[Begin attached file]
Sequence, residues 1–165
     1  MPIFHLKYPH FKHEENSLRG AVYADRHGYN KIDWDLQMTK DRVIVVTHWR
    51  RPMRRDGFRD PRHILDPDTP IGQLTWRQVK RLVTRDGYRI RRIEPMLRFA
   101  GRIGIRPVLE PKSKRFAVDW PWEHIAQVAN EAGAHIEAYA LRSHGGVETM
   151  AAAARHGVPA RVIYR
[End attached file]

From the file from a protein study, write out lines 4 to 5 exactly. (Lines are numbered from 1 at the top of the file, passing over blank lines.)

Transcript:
   101  GRIGIRPVLE PKSKRFAVDW PWEHIAQVAN EAGAHIEAYA LRSHGGVETM
   151  AAAARHGVPA RVIYR